"Good evening to you," said the man in the torn old clothes to the parson as they passed each other in the little village of Marlott in the southwest of England.
"Good evening, Sir John," said the parson.
"Why did you call me 'Sir John', when you know my name is plain John Durbeyfield?" asked the man in ragged clothes.
"Well, John Durbeyfield, I have been doing historical investigation into the families in the district that go back to the days of the Norman Conquest. You belong to the oldest branch of the ancient and noble family of . Your family once owned all the land in the district," the parson answered.
"We do have a silver spoon and a seal at home," John Durbeyfield thought to himself as the parson continued on his way. Then, feeling very proud of himself, he called out to a passing boy, "You, boy, call me a carriage from the inn; I am from an ancient noble family."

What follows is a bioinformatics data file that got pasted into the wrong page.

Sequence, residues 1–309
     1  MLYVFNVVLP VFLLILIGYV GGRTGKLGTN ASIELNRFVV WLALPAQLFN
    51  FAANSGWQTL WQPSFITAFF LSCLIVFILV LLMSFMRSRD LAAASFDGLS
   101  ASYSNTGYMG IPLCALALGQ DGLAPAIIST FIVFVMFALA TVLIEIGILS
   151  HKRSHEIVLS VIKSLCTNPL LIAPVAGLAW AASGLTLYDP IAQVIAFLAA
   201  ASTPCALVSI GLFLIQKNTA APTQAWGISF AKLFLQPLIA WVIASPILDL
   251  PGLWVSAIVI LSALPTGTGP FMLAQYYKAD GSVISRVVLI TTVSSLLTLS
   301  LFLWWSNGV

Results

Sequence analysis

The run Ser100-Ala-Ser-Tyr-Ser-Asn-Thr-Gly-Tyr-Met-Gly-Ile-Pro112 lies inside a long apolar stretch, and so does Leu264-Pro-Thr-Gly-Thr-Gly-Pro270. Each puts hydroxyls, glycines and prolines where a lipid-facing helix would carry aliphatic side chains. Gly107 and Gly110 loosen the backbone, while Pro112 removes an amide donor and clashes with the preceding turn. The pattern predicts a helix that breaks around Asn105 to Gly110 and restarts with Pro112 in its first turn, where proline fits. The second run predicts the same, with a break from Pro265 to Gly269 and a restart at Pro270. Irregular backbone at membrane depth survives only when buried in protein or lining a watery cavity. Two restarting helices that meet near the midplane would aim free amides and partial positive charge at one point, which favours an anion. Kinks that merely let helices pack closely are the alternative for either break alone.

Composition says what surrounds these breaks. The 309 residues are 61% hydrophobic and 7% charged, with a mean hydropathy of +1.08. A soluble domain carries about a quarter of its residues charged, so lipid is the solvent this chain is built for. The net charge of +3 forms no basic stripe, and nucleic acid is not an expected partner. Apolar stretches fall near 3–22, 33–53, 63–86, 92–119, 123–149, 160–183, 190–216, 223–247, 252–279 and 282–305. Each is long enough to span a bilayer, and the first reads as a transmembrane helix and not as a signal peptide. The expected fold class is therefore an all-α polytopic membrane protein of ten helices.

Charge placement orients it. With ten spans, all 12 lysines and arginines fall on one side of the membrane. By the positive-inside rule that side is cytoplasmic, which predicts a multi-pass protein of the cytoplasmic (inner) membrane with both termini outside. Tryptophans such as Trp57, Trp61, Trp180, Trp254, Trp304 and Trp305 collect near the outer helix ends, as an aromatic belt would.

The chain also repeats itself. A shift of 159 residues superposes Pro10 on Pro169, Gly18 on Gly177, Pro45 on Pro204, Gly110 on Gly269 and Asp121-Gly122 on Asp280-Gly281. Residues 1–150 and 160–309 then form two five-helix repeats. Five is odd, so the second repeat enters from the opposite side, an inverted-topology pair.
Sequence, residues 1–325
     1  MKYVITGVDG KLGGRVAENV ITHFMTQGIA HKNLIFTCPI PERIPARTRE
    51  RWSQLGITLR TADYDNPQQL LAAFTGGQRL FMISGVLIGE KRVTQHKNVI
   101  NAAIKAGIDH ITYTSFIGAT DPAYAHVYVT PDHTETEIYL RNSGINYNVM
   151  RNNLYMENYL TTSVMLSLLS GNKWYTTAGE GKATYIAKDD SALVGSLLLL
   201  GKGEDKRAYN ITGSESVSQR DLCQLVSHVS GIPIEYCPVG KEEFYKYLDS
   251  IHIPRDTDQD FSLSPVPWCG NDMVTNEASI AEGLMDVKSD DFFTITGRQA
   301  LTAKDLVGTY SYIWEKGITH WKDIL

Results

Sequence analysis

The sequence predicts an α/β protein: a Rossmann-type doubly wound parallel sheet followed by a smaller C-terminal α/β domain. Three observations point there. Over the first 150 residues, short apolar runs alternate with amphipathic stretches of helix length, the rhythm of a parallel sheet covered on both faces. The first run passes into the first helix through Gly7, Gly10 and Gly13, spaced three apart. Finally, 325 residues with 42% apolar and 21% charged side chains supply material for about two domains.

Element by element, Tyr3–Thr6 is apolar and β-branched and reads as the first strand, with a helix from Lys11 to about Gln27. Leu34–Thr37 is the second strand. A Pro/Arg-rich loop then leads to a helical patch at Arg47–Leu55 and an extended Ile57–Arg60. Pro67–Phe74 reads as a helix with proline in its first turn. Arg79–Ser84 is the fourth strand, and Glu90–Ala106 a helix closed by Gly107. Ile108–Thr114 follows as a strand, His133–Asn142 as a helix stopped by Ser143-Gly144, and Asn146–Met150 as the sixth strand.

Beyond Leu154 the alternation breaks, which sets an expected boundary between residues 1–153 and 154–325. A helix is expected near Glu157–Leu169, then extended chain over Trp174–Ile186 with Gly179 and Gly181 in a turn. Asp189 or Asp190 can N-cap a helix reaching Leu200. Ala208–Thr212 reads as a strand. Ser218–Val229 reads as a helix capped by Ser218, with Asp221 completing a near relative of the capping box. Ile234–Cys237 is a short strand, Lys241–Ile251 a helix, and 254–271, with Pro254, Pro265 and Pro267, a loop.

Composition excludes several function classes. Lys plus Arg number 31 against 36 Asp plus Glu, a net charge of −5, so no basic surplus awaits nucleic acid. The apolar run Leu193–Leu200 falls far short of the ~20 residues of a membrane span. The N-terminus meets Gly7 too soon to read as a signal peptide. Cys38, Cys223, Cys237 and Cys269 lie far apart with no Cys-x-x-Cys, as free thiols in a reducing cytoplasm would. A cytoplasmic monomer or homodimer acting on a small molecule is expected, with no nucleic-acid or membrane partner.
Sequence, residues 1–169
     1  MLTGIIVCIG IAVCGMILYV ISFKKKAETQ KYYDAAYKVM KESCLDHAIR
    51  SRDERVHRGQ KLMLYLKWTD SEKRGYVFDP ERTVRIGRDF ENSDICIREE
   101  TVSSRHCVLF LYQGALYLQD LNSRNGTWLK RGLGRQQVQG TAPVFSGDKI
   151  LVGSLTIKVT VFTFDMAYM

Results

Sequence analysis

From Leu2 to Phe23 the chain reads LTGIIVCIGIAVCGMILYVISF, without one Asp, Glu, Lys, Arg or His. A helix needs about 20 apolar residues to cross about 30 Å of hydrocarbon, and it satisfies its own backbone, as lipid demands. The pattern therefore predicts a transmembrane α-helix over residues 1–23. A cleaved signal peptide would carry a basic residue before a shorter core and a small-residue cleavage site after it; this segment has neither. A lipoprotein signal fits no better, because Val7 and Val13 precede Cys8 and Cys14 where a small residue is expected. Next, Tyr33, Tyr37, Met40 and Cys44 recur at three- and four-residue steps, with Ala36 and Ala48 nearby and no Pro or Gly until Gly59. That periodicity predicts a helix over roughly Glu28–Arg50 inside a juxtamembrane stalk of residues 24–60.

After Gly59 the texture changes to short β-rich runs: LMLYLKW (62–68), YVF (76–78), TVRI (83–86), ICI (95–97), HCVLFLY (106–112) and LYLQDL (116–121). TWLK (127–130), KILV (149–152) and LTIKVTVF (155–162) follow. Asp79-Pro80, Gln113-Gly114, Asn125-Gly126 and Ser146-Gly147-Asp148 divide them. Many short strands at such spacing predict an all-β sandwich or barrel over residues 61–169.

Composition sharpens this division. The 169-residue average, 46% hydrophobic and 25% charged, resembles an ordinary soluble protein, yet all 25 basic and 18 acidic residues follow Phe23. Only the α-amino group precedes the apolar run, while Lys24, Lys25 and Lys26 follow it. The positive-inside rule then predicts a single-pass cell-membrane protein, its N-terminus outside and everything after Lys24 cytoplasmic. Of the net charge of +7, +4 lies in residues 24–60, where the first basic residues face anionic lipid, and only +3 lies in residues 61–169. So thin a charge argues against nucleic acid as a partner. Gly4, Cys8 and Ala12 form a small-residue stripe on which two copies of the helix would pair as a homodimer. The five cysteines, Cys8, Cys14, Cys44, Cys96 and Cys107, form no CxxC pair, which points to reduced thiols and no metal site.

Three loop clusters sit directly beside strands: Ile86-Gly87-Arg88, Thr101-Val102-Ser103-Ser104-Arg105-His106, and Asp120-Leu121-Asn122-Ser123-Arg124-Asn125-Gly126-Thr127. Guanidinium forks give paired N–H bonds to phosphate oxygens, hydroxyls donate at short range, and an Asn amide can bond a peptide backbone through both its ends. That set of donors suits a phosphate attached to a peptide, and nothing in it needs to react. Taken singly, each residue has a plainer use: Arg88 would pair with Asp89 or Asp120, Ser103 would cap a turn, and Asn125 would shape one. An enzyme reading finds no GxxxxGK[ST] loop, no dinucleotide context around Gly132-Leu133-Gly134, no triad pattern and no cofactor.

Soon, John Durbeyfield was sitting in a carriage driven by a man from the village inn. They passed a field where a group of young girls in white dresses were dancing together. One of the girls blushed as the carriage passed.
“ , isn't that your father in the carriage?" asked one of the girls in white.
"He's probably very tired," answered , blushing even more as her friends laughed.
Just then, three young brothers passed the field where the girls were dancing. The youngest, who was also the most handsome, joined the dance as his brothers continued their walk. He danced with several of the girls, but , who was the prettiest, stood a little apart from the others. She was still embarrassed about her father. The young man did not notice her until he had left the girls and followed his brothers. Looking back from the top of the hill, he was sorry that he had missed the chance to dance with her.